As you walk in, you’ll see a shoe rack is positioned along side the door, accompanied by a sign hanging in the hallways that reads “no shoes beyond this point.” Maki Perry notes that this is a cultural difference. Not only is it a practice done with the intent of keeping the floors clean, but above all a significant part of the mental training involved at Body & Brain: leave all your troubles behind and come in with a fresh mind.
Perry originally went to college and became a C.P.A. and always believed that working for someone else would be less stressful then starting her own business. A downturn with her health, coupled with a doubt for her doctor’s preferred method of treatment which involved an ever-expanding collection of medications, led Perry to the decision of taking a more holistic approach.
When Perry began pursuing her journey of healing through Body & Brain Yoga, she attended a one-day workshop and had an opportunity to view a demonstration of DahnMuDo tai chi. The demonstration sparked a desire within Perry to learn how to unlock what she had experienced from watching the master’s demonstration.
The training process Perry underwent to learn how to be an instructor for Body & Brain Yoga required her to first focus on healing herself so that she would then be able to help others.
“I feel like I'm still training myself to get better and better at what I’m doing,” said Perry.
Part of the uniqueness of Body & Brain Yoga stems from the personalized benefits that can be drawn from it. Perry feels that the positive energy each client brings as they heal through Body & Brain’s practices is uniquely fulfilling. She dedicates herself to the success of each of her members, offering encouragement to clients to focus on their individual growth and not compare themselves to others.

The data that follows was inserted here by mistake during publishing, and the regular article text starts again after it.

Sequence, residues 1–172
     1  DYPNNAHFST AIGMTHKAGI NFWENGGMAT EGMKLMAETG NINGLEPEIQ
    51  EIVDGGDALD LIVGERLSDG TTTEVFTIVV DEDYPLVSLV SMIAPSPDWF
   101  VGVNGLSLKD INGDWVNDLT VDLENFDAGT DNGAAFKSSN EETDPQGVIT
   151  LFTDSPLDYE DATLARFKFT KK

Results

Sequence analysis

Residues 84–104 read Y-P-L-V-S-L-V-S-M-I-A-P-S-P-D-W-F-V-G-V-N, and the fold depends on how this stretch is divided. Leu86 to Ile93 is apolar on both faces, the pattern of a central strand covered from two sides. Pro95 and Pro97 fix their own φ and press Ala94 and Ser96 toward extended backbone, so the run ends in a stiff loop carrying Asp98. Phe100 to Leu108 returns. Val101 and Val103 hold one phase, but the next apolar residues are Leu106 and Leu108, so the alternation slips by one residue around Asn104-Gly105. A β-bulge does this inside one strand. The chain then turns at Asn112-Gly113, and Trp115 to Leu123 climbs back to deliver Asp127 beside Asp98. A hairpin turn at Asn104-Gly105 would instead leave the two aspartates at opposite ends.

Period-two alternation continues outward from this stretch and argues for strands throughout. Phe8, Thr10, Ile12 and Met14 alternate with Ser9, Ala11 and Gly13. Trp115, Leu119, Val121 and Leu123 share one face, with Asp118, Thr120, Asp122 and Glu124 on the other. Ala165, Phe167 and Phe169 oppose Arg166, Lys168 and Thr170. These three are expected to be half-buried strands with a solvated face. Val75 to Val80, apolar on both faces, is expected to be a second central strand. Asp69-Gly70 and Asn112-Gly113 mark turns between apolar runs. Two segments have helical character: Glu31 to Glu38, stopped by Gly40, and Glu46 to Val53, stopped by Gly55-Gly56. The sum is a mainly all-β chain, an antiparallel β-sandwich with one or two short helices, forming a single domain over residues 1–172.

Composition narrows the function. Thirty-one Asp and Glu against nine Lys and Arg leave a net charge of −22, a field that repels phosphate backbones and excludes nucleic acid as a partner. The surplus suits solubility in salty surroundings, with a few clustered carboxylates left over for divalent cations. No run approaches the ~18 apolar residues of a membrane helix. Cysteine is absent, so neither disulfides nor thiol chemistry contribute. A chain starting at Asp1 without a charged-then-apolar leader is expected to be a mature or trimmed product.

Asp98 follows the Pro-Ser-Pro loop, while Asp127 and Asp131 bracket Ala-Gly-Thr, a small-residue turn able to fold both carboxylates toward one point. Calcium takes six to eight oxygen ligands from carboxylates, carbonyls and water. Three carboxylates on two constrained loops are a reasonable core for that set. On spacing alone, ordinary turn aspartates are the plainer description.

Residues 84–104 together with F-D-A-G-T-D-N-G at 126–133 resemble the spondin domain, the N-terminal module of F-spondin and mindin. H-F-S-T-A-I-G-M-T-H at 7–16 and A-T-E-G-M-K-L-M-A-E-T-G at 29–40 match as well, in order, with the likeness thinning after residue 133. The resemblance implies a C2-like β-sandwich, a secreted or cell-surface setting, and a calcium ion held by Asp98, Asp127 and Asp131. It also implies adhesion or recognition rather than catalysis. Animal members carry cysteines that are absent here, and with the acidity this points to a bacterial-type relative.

“Everyone is working on something,” said Perry. “Don’t compare yourself to other people because you’re here for your goals, to achieve your goals.”
Since she opened her own practice in Everett seven years ago, Perry remarks that many of her original members have since moved on. A handful have remained with her since her practice first opened.
Perry’s Everett location for Body & Brain offers four unique types of classes: yoga, core strengthening, tai chi, and brain wave vibrations. Perry encourage people to let go of their “monkey brain,” the part of the brain that prevents you from generating original and creative thoughts. It puts an emphasis on judgement, analyzing, and increases stress.
“When people start to realize that, they feel more empowered to take control of their lives and change,” said Perry.
To unlock your potential and push past the 5% of brain capacity utilized in daily routine, stop in at Body & Brain for a private introductory session during which Perry will help you to navigate how to best achieve your goals – health and brain.